5 Essential Self-Care Tips for Family Caregivers

Your loved one’s care shouldn’t come at the expense of your own. However, it’s a truth that’s easier said than done. When someone you love is ailing, it’s incredibly difficult to focus on yourself — even if you can find the time, it’s hard to escape the guilt. But if you want to be an effective family caregiver, self-care is an essential part of the equation. Here’s how you can make it happen.

[sc name=”Blog Post CTA”]

1. Family Caregivers Need To Stay Healthy

Family caregiver are great for a loved one’s health. Unfortunately, it’s not so good for yours. As the American Psychological Association reports, caregivers have higher rates of depression, physical health problems, and premature mortality than non-caregivers. It’s important not to neglect your own health while caring for your loved one.

Continue to get plenty of sleep each night, eat healthy meals, find time for exercise, and don’t neglect to schedule your own doctor appointments in addition to appointments for your loved one. Learn stress reduction strategies to help you cope with caregiver stress.

2. Find Positive Distractions

Some days, a bubble bath or a walk around the block doesn’t make a dent in your stress levels. When those days hit, what you need is something to take your mind off of caregiving completely.

That may be a hobby, lunch with your best friend, or a sermon at church. Stay away from alcohol and drugs; while it may provide short-term stress relief, substance abuse only leaves you feeling more stressed and worn out in the long run.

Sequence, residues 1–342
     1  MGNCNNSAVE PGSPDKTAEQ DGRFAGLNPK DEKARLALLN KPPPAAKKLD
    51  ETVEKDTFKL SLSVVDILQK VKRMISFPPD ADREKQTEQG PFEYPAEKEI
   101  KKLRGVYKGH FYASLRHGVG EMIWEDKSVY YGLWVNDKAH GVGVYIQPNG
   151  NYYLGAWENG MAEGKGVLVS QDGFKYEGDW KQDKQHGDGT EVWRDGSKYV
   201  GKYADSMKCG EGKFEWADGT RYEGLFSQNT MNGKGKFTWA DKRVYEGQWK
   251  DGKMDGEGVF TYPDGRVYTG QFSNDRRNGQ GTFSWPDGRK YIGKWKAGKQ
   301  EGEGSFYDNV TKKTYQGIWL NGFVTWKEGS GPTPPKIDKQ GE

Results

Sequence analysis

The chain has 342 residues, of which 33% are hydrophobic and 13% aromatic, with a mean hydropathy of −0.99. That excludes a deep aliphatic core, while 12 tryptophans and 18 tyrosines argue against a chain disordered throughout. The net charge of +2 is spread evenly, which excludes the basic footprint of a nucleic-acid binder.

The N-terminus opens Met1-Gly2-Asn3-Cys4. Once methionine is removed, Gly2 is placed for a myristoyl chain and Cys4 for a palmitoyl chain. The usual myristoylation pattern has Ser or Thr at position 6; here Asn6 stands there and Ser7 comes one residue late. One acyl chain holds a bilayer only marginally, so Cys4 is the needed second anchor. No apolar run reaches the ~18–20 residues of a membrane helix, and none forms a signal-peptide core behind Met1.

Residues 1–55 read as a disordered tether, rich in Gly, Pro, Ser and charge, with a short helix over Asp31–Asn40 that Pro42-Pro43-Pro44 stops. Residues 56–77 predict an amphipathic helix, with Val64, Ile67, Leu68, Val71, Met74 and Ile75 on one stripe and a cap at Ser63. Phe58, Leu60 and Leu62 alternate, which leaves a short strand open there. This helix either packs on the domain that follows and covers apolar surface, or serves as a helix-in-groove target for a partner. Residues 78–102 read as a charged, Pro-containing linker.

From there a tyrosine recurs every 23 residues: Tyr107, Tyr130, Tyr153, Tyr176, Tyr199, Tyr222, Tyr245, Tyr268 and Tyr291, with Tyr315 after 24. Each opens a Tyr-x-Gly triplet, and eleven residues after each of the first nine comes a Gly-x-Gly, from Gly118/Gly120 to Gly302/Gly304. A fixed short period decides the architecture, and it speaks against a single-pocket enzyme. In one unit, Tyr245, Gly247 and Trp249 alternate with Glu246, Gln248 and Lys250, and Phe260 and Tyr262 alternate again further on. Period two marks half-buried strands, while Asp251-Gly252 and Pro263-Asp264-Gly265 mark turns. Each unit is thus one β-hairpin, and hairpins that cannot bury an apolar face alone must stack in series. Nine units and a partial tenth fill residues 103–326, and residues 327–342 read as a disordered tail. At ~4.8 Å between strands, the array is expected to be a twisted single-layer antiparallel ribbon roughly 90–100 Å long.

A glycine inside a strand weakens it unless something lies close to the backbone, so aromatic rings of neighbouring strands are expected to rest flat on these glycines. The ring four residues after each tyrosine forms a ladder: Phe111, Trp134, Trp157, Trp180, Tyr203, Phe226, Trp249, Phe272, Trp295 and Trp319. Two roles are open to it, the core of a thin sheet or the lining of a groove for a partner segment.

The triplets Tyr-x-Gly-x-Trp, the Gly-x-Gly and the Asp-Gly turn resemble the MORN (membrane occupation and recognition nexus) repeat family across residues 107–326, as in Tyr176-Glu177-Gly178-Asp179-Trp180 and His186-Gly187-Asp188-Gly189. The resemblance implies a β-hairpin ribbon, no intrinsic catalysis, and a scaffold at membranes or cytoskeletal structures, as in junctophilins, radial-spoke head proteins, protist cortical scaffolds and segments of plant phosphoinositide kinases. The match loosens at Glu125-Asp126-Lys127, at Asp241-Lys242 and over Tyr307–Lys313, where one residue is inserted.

3. Automate Safety

You can’t monitor your loved one at every moment. You need to eat, sleep, go to the bathroom, run errands, and take care of yourself once in a while. However, family caregivers often find it difficult to relax when away from their charge because they’re worried about what might happen in their absence.

Creating automatic safety measures gives you peace of mind when away from your loved one. Start with the basics by ensuring smoke and carbon monoxide detectors are in working order and install a smart home security system so you can monitor door and windows from a distance.

A personal GPS tracker protects against wandering in people with dementia or other cognitive impairments and allows your loved one to call for help in the event of a fall.

4. Hire Help

It’s hard to give up control when you’re a family caregiver, especially when you’ve been named the person in charge of your loved one’s well-being. But not only is it impossible to do everything yourself, it’s not healthy to try. As much as you love the person you’re caring for, you have to take care of your own needs too.

Otherwise, you may burn out completely. Hire help for the areas that it’s easiest to relinquish control; cleaning the house, shopping for groceries, and walking the dog are all great candidates for outsourcing. By hiring someone else to handle menial but time-consuming tasks, you have time to meet your personal needs and more energy to give when you are providing care.

5. Find Support

Caregiving is physically, mentally, and emotionally draining. There will be days that wear you down so much, you fantasize about walking away from it all. One of the hardest parts of being a caregiver is not having anyone to share these struggles with.

By connecting with a support group for caregivers, you can find understanding and connection from other people who are going through the same thing.

There’s no getting around it, caregiving is hard work. But despite the difficulties, caring for a loved one shouldn’t leave you feeling exhausted, stressed to your limits, and on the verge of a breakdown. If it is, it’s time to take a step back and consider how you can add more self-care into your caregiving plan, because you can’t care for someone else if you’re not caring for yourself.

About the Author Harry Cline: Harry is creator of NewCaregiver.org and author of the upcoming book, The A-Z Home Care Handbook: Health Management How-Tos for Senior Caregivers. As a retired nursing home administrator, father of three, and caregiver to his ninety-year-old uncle, Harry knows how challenging and rewarding caregiving can be. He also understands that caregiving is often overwhelming for those just starting out.

[sc name=”Blog Post CTA”]